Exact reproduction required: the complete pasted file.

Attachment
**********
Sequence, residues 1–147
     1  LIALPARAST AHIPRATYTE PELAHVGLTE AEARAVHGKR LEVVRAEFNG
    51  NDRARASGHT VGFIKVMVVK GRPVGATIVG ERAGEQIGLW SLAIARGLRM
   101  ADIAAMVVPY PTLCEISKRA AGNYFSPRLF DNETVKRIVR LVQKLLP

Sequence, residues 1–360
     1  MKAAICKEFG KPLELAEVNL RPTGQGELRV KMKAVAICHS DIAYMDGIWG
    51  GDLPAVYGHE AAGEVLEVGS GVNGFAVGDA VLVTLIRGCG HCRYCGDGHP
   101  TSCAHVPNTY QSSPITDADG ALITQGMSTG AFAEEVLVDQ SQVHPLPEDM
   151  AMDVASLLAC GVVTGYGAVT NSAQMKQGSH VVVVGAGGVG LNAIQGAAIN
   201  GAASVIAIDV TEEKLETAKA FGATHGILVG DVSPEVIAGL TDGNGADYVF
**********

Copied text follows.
Sequence, residues 1–147
     1  LIALPARAST AHIPRATYTE PELAHVGLTE AEARAVHGKR LEVVRAEFNG
    51  NDRARASGHT VGFIKVMVVK GRPVGATIVG ERAGEQIGLW SLAIARGLRM
   101  ADIAAMVVPY PTLCEISKRA AGNYFSPRLF DNETVKRIVR LVQKLLP

Sequence, residues 1–360
     1  MKAAICKEFG KPLELAEVNL RPTGQGELRV KMKAVAICHS DIAYMDGIWG
    51  GDLPAVYGHE AAGEVLEVGS GVNGFAVGDA VLVTLIRGCG HCRYCGDGHP
   101  TSCAHVPNTY QSSPITDADG ALITQGMSTG AFAEEVLVDQ SQVHPLPEDM
   151  AMDVASLLAC GVVTGYGAVT NSAQMKQGSH VVVVGAGGVG LNAIQGAAIN
   201  GAASVIAIDV TEEKLETAKA FGATHGILVG DVSPEVIAGL TDGNGADYVF